I thought back to the last time I had been in that house.  I recalled a late night conversation with my aunt years earlier.  She talked about her pregnant teenage daughter.  There are some words spoken that you just never forget.  They leave a mark.  They affect you.  They inform you about the world around you and become integral to who you are.  She said, “She made a mistake and now she has to pay for it.”  I grew at that moment.  If that’s the way that kid is going to be raised, I thought, what chance does he have?  If he’s going to be treated or made to feel like a punishment from god, what hope is there for him?

Now, I remembered why I hadn’t been back up to Glasgow since then.  I also remembered why I hadn’t been back to Canada to see my family.  This Catholic christian attitude that seemed to come with the territory was annoying, off-putting, and even offensive.  This kid, who was raised in an environment that considered him something dirty, was now being described as a sociopath and the description did seem to fit.

If he didn’t seem to care about other people, I was told there was one exception.  Before returning to London, I had another one on one talk with my aunt.  This time, she talked about her grandson, the sociopath.  She said that only she could get to him or tell him what to do.  She is the only one he’ll listen to.  Only she could teach him right from wrong.  The same person who created the idea that he was a punishment from god was now his only salvation.

My aunt can be a nice lady, but she is a personification and microcosm of her faith.  By being that, she seems to have undermined her own daughter’s self-worth and manipulated her grandson.  It’s no wonder my very likeable cousin seemed to need love.

There Goes the Neighbourhood

January 16, 2008

I found out a while ago that the building being constructed a couple hundred metres down the road is a Catholic church.  I groaned.  Just what the world needs – more churches when the existing ones are empty, in every sense.

Then I wondered how they pay for it.   If the churches are largely empty, the collection plates must be too.  Besides, shouldn’t that money be used for good causes?  I mean real good causes – like charity, feeding the starving, housing the homeless – as opposed to building unnecessary churches.  They’re not cheap – especially these days in Vancouver, where the superhot construction sector often hits cost overruns.

Some time later, a thought crossed my mind.  I’d heard that most of the money given to charities like the Red Cross to provide aid after the Asian tsunami a couple years ago hadn’t been distributed yet because they basically didn’t know where to begin.  The Red Cross has Christian affiliations, doesn’t it?  I gave them money to help those people.  They better not be using it to further the aims of the church, by building churches, for instance, or sending out missionaries to spread the word and convert people.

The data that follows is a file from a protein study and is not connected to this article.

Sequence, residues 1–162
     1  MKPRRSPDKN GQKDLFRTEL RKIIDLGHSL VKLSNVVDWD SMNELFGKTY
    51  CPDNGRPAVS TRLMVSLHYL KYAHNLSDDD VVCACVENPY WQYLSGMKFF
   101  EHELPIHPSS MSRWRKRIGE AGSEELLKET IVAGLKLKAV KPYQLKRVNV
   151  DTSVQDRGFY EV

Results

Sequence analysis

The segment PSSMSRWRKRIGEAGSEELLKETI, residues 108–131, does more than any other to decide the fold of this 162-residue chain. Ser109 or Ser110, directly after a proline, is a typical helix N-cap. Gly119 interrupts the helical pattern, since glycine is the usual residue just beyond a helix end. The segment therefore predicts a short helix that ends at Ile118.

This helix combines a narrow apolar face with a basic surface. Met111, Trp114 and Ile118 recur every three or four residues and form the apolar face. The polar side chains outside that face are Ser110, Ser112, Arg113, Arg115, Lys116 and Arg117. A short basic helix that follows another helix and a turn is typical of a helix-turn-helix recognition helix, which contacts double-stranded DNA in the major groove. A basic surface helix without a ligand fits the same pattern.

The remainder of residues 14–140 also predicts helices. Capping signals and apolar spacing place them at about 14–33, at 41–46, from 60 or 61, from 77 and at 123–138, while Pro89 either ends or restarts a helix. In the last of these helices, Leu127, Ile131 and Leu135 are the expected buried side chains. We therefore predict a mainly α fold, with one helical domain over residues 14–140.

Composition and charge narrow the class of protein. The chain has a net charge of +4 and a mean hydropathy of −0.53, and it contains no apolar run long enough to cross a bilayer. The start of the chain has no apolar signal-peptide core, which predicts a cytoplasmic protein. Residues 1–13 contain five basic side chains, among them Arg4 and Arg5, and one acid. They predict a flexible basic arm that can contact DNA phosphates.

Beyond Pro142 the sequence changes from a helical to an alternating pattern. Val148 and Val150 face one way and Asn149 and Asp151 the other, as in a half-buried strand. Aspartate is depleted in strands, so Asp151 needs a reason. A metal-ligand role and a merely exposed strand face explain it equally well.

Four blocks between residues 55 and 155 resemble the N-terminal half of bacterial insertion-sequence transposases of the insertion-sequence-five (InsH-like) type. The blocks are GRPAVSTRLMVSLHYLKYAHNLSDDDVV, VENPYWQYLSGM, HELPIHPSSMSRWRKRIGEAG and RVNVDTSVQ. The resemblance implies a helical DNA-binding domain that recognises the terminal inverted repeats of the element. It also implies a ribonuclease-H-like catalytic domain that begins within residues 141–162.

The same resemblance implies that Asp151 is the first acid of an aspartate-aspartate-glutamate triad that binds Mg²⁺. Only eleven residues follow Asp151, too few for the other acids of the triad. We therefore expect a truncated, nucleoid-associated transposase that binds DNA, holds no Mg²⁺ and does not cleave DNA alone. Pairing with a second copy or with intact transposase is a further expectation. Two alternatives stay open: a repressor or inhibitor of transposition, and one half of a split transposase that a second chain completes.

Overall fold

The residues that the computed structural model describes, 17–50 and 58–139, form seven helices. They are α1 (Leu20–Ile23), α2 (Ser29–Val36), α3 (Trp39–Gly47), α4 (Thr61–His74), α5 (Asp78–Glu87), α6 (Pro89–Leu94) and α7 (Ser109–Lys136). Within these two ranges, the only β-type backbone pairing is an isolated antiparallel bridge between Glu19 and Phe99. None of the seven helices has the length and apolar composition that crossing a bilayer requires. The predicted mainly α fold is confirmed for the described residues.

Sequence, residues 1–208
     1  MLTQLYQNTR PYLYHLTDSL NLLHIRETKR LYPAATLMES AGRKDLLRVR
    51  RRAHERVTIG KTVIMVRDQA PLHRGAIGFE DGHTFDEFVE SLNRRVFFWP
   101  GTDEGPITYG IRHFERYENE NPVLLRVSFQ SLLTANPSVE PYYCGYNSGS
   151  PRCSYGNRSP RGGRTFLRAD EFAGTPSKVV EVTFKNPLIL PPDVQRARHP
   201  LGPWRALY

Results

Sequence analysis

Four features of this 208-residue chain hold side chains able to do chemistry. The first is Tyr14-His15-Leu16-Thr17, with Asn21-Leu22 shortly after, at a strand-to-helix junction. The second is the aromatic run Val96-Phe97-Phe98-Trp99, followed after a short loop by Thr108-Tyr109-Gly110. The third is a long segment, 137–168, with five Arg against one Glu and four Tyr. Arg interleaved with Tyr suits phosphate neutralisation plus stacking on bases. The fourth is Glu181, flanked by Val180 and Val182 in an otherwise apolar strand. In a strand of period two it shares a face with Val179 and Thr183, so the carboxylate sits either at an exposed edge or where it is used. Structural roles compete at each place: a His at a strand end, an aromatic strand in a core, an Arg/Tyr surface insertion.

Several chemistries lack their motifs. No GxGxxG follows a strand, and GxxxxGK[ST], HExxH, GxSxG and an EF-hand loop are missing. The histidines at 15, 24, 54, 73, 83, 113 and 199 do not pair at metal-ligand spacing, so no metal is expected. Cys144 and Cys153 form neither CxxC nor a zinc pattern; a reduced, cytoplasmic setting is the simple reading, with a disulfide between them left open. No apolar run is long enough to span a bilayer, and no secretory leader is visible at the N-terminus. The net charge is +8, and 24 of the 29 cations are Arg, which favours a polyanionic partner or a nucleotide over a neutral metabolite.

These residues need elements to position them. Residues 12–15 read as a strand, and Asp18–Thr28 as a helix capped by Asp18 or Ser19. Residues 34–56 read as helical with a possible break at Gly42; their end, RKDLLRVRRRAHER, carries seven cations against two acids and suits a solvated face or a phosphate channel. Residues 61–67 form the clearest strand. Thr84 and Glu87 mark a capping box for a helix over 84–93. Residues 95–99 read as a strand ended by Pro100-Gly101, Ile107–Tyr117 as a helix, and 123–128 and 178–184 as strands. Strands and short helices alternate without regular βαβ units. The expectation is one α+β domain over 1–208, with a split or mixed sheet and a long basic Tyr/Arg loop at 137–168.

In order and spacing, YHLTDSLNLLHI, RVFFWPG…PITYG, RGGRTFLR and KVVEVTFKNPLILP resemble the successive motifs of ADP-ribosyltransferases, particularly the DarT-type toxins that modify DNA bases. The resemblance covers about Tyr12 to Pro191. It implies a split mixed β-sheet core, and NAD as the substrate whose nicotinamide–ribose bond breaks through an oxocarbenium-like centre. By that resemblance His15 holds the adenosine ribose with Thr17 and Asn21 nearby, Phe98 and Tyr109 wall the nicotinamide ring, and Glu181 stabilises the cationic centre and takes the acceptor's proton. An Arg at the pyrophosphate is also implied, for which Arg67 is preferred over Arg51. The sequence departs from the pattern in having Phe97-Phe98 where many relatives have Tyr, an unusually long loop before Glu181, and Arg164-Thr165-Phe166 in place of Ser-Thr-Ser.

There was a story in the news the other day about abuse of aboriginal children by clergymen at government run schools they’d been sent to for conversion.  Apparently, the Catholic church has refused to pay $10 million compensation, their share of a settlement.  They claim they didn’t take the kids away from their parents and put them in those schools, the government did.  I suppose the government made them penetrate the children, too.  The church will not take responsibility.  They seem to think they’re above blame.

Incredibly, a new deal was struck in which the government would pay for the church.  Where does the government get the money?  Taxes.  Your taxes.  Money taken away from you is being used to pay a penalty the Catholic church refuses to.  How can the church get away with that?  Why would the government do that?

Although the church denies responsibility, they aren’t necessarily unaware of what their priests get up to.  A while back, on The Daily Show, Jon Stewart talked about a similar abuse case in the U.S. where the settlement was a whopping $600 million.  But, in that case, believe it or not, the church had SEXUAL ABUSE INSURANCE that covered the bill.  If you buy insurance, it’s because you know there is a reasonable risk of something happening.  To even consider something like sexual abuse insurance, you’d have to think it was likely.

The Catholic church seems to be very good at getting others to pay their bills.  They’re also a large organization that seems to think it has limited liability.  Sounds kind of like a corporation…  Maybe it’s time they started paying taxes…